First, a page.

Yes, large multi-person boards such as the Bluefin Mammoth have weight limits of over 1,800 lbs.
Can I Lose Weight Paddle Boarding?
Recreational paddle boarding can be as strenuous as you want it to be, so you can use it to lose weight. If you push yourself, you can quickly shed pounds.
Is Stand Up Paddle Boarding a Good Workout?
Stand up paddle boarding is definitely a good workout. SUP boards give you a full-body workout. Your arms, legs, and core are all tested, so if you put some effort on the water, you will tone up and build muscle.
Alternatively, you can use your paddle board for SUP yoga and get a more gentle but equally effective workout.
Which is Better for Heavy Guys, an Inflatable or a Rigid Board?
An inflatable board is better than a rigid one for heavier guys as they can be significantly lighter to carry. Boards that are suitable for carrying taller or heavier people are larger (longer and wider) than the average. This makes the lightweight benefits of an inflatable especially important if you are moving it yourself.
Being longer, a rigid board for a heavy guy is even more difficult to transport than a more ordinarily sized one. Being able to deflate an inflatable SUP and transport it in a neat carry bag becomes particularly clear when dealing with larger sizes.
An inflatable board will also be more forgiving to any knocks and scrapes and is softer if you fall onto it than a rigid board. You might appreciate this if you tend to be a little on the clumsy side.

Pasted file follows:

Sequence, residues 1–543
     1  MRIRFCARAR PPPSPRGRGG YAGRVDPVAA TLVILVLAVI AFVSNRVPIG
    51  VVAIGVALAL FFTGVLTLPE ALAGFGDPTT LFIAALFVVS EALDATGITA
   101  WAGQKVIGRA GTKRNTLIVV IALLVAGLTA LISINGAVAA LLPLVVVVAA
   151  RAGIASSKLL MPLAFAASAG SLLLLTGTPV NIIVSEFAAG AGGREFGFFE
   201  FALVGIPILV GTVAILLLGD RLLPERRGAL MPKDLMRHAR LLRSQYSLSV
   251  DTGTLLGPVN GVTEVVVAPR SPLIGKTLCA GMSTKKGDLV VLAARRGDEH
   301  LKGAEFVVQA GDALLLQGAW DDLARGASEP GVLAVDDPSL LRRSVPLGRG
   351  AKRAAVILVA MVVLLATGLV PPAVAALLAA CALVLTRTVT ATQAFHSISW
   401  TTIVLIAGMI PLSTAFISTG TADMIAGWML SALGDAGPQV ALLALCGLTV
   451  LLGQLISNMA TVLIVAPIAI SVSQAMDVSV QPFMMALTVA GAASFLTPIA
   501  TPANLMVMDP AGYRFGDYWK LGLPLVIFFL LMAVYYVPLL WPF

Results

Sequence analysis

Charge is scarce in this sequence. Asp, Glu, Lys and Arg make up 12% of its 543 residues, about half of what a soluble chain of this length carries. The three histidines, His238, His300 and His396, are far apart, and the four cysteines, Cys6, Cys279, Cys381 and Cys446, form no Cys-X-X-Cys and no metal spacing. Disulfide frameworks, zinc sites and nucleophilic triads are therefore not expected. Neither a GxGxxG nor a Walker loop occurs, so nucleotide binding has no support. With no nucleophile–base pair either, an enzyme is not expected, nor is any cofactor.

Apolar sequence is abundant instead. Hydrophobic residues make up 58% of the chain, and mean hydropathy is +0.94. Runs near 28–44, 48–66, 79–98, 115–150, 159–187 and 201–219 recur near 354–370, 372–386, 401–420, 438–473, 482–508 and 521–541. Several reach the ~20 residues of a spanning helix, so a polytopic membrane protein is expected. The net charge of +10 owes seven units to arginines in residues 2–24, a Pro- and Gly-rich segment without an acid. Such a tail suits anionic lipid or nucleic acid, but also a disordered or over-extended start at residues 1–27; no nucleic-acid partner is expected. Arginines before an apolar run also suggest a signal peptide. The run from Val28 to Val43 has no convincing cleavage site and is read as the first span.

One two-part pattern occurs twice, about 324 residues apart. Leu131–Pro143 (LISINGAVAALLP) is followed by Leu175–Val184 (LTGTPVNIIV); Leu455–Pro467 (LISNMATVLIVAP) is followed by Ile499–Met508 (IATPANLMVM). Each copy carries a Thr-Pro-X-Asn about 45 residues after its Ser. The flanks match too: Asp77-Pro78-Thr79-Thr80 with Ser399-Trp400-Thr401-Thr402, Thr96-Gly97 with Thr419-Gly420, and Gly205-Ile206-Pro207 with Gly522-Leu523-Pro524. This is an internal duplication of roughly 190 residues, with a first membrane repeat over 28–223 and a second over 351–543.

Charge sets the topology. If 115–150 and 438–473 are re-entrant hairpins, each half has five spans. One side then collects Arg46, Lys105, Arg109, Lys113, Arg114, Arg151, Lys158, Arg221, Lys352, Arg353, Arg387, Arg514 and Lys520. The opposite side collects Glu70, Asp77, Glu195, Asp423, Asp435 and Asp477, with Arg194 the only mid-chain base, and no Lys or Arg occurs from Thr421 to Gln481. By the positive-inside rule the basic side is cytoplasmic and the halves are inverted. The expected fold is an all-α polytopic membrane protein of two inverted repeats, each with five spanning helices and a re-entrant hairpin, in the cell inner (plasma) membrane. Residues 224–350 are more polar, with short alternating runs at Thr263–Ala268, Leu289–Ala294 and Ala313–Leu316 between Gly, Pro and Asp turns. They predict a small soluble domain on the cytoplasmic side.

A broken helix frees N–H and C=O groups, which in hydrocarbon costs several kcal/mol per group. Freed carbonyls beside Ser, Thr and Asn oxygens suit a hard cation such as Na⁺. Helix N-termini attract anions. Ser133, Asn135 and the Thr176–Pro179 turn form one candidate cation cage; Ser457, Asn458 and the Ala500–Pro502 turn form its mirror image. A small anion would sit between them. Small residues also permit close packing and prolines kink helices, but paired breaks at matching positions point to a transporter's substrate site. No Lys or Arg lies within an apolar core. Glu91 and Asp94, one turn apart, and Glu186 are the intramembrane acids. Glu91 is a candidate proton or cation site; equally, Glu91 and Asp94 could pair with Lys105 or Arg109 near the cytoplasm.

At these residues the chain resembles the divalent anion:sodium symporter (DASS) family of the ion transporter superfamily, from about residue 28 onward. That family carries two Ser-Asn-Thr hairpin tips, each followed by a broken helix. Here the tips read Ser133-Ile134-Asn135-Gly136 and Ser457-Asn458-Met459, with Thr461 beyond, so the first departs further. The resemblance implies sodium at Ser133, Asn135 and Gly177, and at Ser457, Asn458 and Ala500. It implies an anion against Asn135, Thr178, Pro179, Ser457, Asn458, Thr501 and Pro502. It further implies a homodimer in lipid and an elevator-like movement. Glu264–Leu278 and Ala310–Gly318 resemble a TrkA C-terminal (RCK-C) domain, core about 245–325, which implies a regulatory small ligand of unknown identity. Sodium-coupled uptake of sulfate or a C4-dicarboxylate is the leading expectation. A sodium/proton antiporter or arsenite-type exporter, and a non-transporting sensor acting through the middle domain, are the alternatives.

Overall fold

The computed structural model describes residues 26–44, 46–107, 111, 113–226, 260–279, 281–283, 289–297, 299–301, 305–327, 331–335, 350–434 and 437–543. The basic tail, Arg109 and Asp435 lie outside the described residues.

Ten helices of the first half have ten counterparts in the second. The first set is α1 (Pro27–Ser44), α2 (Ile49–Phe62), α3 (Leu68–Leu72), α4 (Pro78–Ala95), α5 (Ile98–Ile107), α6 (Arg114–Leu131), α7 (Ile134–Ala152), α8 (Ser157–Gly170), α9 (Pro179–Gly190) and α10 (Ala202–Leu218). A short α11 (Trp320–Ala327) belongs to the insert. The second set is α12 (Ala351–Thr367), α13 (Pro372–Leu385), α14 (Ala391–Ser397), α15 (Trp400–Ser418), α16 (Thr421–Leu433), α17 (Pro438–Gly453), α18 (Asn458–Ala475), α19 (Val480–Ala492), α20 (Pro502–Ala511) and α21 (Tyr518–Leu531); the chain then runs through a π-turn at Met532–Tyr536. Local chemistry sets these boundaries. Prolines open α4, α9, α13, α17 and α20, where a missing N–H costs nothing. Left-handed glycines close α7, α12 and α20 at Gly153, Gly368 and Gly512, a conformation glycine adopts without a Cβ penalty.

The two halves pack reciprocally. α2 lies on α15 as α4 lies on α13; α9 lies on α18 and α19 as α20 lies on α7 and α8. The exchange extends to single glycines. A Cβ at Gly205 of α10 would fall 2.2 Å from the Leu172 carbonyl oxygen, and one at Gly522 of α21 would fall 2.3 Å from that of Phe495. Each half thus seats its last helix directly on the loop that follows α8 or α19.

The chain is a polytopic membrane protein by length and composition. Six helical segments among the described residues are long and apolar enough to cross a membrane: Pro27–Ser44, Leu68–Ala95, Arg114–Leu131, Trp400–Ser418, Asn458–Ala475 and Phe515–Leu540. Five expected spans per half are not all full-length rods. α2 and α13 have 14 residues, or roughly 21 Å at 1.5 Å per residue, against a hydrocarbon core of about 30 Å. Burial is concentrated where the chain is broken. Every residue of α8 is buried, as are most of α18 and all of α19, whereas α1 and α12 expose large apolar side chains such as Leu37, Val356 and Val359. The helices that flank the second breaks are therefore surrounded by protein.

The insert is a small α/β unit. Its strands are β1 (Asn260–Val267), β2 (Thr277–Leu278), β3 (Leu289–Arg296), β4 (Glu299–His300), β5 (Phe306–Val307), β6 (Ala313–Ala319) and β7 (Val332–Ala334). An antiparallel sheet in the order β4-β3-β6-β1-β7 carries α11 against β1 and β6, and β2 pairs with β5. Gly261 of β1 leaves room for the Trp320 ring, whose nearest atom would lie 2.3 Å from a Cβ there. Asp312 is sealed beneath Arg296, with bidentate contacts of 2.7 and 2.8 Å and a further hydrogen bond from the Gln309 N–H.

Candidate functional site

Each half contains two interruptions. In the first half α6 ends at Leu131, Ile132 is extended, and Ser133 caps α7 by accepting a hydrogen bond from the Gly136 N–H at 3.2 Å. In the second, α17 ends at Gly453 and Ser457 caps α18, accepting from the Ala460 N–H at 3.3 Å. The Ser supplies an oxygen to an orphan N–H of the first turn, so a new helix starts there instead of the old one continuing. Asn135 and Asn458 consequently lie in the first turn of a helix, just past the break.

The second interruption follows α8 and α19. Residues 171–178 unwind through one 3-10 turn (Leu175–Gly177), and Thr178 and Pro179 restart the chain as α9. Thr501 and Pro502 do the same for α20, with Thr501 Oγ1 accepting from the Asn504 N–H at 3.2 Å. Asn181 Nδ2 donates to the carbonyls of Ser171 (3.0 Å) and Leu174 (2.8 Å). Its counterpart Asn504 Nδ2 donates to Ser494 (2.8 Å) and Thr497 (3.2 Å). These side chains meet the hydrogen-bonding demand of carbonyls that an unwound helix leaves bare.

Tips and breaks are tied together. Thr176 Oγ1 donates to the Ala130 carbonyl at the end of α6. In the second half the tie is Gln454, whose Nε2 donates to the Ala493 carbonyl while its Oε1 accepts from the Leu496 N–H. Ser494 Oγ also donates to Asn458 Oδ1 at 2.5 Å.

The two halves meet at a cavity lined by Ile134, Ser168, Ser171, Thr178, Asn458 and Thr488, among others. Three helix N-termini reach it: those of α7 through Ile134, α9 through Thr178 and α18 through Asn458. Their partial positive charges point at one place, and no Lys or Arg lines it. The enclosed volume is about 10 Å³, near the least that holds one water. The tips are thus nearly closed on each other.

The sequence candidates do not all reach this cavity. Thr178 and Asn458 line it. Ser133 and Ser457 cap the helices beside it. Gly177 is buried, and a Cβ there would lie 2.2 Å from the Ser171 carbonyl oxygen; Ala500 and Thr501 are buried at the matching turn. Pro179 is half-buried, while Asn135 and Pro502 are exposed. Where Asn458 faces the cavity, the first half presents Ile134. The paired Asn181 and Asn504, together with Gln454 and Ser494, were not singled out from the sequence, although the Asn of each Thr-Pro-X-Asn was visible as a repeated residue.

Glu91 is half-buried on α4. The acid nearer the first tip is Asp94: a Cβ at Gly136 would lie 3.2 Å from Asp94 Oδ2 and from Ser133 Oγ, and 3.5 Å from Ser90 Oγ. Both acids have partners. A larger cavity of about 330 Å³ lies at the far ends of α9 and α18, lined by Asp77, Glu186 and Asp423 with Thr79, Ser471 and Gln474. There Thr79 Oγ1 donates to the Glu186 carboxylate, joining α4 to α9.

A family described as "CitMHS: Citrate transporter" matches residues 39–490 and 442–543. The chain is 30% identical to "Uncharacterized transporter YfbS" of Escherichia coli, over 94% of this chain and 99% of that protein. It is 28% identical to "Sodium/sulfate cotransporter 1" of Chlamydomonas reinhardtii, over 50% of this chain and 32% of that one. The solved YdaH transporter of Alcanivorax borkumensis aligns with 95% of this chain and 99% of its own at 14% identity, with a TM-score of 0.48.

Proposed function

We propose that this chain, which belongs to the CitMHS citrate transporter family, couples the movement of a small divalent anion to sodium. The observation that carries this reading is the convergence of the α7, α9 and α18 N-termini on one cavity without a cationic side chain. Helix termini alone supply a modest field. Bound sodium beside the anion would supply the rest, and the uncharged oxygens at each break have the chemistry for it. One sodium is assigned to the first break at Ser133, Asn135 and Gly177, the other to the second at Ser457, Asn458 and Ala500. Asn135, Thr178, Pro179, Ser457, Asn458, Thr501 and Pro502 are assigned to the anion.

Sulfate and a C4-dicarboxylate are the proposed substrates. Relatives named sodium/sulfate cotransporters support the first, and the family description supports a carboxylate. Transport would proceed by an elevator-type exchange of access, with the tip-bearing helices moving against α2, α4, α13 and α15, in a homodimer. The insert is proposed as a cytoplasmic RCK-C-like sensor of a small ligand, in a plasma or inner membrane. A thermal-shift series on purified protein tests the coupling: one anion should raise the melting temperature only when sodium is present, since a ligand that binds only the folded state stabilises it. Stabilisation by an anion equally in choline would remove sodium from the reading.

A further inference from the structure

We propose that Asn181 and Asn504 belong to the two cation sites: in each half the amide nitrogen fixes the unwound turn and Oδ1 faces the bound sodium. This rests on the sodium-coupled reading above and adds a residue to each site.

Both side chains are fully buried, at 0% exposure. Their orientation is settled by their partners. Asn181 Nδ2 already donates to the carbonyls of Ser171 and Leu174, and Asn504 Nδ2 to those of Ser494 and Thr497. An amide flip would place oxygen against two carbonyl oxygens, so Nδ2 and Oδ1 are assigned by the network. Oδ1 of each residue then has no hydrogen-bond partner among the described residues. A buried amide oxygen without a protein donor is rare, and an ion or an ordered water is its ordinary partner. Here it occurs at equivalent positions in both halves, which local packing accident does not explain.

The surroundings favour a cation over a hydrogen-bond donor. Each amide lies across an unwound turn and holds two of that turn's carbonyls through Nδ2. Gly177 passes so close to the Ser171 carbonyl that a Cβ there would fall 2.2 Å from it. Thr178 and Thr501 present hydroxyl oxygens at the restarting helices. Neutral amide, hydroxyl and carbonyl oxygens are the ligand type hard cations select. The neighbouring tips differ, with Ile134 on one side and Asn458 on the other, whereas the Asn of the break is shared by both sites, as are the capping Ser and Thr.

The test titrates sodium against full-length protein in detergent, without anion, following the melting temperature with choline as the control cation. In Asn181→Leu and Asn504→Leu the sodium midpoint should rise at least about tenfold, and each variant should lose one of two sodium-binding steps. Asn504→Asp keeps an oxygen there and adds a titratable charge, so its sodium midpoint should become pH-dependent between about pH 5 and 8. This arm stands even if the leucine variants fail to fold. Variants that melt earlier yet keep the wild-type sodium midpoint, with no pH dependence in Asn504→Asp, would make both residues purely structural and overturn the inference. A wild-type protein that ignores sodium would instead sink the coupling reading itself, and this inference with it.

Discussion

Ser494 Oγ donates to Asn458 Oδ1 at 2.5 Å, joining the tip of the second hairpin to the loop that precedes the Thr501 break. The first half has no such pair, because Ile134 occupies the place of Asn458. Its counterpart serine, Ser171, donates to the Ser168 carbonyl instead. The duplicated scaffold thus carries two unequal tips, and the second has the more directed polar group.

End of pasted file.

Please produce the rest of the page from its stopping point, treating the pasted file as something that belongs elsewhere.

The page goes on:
Do I Need To Wear A Lifejacket/PFD While Using a SUP board?
Wearing a SUP PFD is always a good idea, particularly if you are not a strong swimmer.
You should be aware that in many areas, the law mandates their use. Either way, I recommend that all paddle boarders have one to be safe.
My choice as the best overall paddle board for bigger guys is the superb Atoll 11’.
This is a really well-built inflatable paddle board with a 400 lb rider weight limit. The Atoll 11’ is exceptionally stable on the water and excellent for both beginners and experienced paddlers.
Advanced manufacturing techniques have allowed Atoll to make their SUP board the lightest I reviewed at just 21 lbs. The Atoll 11’ also comes with a great package of quality accessories.
If you’re on a budget, then take a look at the competitively priced iRocker Cruiser 10’6. If you want to get into SUP board fishing seriously, then the Blackfin Model XL might be the right paddle board to start with.
All the paddle boards that I’ve tested here offer higher weight limits for bigger guys. I suggest you start your search by checking out the Atoll 11’ for yourself.